I posted earlier about how download.com was wrapping Paint.NET with their own download manager / installer which would install a toolbar or some other stupid thing. Thankfully this issue was resolved, although not without a few bumps (“yes we removed it” … 24 hours later … “no you didn’t” … 6 hours later … “OH sorry we’ve fixed it” … “damn right you have”).
“AngryTechnician” just tipped me off that now this issue is starting to get even more attention. It looks like they’re even wrapping Nmap, a free Windows utility for doing some kind of network security scan (which I’m not familiar with).
“It is bad enough when software authors include toolbars and other unwanted apps bundled with their software. But having Download.Com insert such things into 3rd party installers is even more insidious. When users find their systems hosed (searches redirected, home pages changed, new hard-to-uninstall toolbars taking up space in their browser) after installing software, they are likely to blame the software authors. But in this case it is entirely Download.com’s fault for infecting the installers! So while Download.Com takes the payment for exploiting their user’s trust and infecting the machines, it is the software authors who wrongly take the blame! Of course it is users who pay the ultimate price of having their systems infected just to make a few bucks for CNET.”
Apparently some antivirus software has gotten on the right side of this issue and are now classifying the CNET download wrapper as malware.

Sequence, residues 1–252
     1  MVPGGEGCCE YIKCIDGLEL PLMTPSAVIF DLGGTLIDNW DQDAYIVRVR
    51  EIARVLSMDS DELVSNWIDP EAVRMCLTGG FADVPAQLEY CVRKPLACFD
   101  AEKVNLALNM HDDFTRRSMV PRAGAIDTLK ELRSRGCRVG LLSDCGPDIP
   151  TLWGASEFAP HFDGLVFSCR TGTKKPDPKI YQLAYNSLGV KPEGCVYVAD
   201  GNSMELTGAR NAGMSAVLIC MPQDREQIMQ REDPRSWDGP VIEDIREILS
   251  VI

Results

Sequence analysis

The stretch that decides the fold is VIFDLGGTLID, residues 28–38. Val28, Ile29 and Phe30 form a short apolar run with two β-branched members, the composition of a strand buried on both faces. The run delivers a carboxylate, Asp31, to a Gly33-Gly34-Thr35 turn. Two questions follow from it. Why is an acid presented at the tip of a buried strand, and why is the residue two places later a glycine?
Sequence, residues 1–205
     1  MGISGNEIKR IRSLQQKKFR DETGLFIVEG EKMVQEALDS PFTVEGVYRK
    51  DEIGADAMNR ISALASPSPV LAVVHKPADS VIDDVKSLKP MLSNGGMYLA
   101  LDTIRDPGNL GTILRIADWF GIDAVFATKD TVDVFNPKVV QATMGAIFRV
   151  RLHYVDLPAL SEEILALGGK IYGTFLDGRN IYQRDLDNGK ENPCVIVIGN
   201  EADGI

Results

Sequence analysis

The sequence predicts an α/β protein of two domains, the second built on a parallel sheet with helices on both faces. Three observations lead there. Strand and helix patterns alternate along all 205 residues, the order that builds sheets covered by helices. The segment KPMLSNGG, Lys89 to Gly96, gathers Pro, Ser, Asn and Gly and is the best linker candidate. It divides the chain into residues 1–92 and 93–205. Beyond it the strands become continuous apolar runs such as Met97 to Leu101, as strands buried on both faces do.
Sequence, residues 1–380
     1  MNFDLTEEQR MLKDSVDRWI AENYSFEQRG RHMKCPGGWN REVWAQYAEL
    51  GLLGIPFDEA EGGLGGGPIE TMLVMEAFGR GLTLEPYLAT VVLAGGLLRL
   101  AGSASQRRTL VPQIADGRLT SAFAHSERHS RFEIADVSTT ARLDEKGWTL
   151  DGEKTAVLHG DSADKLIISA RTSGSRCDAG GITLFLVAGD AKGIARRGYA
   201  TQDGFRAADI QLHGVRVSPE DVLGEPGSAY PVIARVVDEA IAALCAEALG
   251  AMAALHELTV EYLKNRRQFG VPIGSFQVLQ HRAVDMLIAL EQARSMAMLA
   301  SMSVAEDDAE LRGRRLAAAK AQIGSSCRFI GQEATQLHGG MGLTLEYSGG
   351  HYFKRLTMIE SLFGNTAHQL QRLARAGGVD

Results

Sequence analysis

Now, here’s the hilarity. CNET claims that this thing “powers secure downloads”. If you read that post, it’s clear they’re grasping at straws.
“In addition to making our downloads more secure, it has extra features like the ability to pause a download and launch the software installer immediately after it’s finished downloading.”
Whoa there … I can pause downloads?! Stop the presses!
Look, CNET, this is not a great monetization tool for your partners. It’s a fucking virus and you’re trashing the goodwill and reputation of everyone around you in order to make a buck. One thing I realized early on is that is not how you build a career (it’s one reason why I refuse to do any type of bundling). This is not an exciting opportunity. Look at it this way: while you’re at the bar, sharing a drink with friends, and they’re talking about something cool they did or a tricky technical problem they solved at work, you are going to keep your mouth shut. Because you’re ashamed of your job.
For continued hilarity, check out the title of this blog post. O rly? “Be careful when downloading software?” Does that advice include editing your hosts override file so that download.com redirects to disney.com?